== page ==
The state of Louisiana is blessed with an abundance of natural resources and attractions. The state’s largest city, New Orleans, is the birthplace of Jazz, a 305-year-old gem with a rich history. It is the home of the French Quarter, Mardi Gras, countless festivals, beautiful architecture, and many of the best restaurants in the world.
Louisiana is a state known as a sportsman paradise with outstanding hunting and fishing. We have tremendous supplies of oil and gas, the mighty Mississippi River, beautiful bayous, gorgeous plantations, the unique Cajun culture, and a warm climate that should lure many retirees to the state.
With so many attractions, Louisiana should be a state that experiences incredible growth and prosperity. Instead, it has been mired in poverty and has suffered from a stagnant population and business losses for decades.
Since the Congress adopted the current method of apportioning U.S. House seats in 1941, Louisiana has “never grown enough to gain a district.”
From 1910 until 1990, there were eight members of the Louisiana congressional delegation. Unfortunately, due to a myriad of problems, including a poor economy, a legacy of political corruption, and substandard public education, Louisiana started to lose congressional seats.
In 1990, the congressional delegation declined to seven representatives and then in 2010, another U.S. house seat was lost. The current congressional delegation of six members may drop again in 2030 unless dramatic changes are made.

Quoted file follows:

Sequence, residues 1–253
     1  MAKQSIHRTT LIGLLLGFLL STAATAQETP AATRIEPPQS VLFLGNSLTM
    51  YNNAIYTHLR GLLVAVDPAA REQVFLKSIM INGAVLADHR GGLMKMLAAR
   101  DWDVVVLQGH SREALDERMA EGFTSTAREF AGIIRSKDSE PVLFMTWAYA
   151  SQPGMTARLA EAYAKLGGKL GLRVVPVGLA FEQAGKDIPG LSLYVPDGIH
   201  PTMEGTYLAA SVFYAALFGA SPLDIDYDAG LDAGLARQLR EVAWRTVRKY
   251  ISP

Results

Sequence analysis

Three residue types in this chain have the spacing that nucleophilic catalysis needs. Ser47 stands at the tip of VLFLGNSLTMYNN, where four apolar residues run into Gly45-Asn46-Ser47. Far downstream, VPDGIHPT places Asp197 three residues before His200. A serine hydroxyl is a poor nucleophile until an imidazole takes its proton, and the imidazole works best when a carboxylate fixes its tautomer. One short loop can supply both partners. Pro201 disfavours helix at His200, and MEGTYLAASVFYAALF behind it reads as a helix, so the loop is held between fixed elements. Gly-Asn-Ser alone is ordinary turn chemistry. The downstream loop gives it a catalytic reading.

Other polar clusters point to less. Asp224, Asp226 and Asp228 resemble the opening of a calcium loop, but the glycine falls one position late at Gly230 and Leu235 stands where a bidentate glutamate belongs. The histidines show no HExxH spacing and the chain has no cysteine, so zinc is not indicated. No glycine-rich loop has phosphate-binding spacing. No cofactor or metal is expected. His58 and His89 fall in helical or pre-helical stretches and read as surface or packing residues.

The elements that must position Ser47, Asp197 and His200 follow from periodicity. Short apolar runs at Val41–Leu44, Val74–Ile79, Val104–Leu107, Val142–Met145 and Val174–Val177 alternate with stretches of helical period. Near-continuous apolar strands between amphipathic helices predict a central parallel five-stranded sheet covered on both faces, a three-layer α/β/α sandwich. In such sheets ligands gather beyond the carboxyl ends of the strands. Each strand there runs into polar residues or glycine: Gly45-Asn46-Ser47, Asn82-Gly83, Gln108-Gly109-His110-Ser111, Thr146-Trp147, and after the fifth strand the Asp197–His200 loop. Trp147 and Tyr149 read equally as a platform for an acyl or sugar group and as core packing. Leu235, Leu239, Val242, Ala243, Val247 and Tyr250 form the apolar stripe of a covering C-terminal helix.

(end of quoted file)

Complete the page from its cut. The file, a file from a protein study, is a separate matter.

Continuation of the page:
According to the 2020 census, 4.6 million people live in Louisiana. This showed an anemic population growth rate of only 2.7%, compared to the Southern average of 10.2% and the national average of 7.4%.
While our Southern neighbors have been booming, Louisiana has been languishing. The ghost of Huey Long has been haunting the state ever since the 1930’s.
His philosophy of “Every Man a King,” and a “Chicken in Every Pot,” has led to a belief in a large state government, high taxes on businesses and social services for the poor, such as the Charity Hospital system.
This socialist mentality has been hard to dislodge in Louisiana despite several Republican Governors being elected, starting with the first one in 1979. The last one elected in 2007, Bobby Jindal, was a disaster.
Jindal spent too much time aiming for the presidency and campaigning in New Hampshire and Iowa instead of fixing the problems in Louisiana. By the end of his second term, Jindal was unpopular both at home and nationally. His 2016 presidential campaign ended disastrously after only a few months of poor results and being relegated to the second tier GOP debate stage.
He was followed by a Democrat Governor, John Bel Edwards, who campaigned as a pro-life conservative, who supported the 2nd Amendment. Sadly, Louisiana voters were sold a “bill of goods” as Edwards was revealed to be a typical liberal Democrat who believed in big government and draconian COVID mandates.
In his eight years as Governor, Louisiana made no strides in fiscal or tax reform. We continue to have a franchise tax, high sales taxes, an income tax and a state budget that ballooned to $47 billion in the last fiscal year.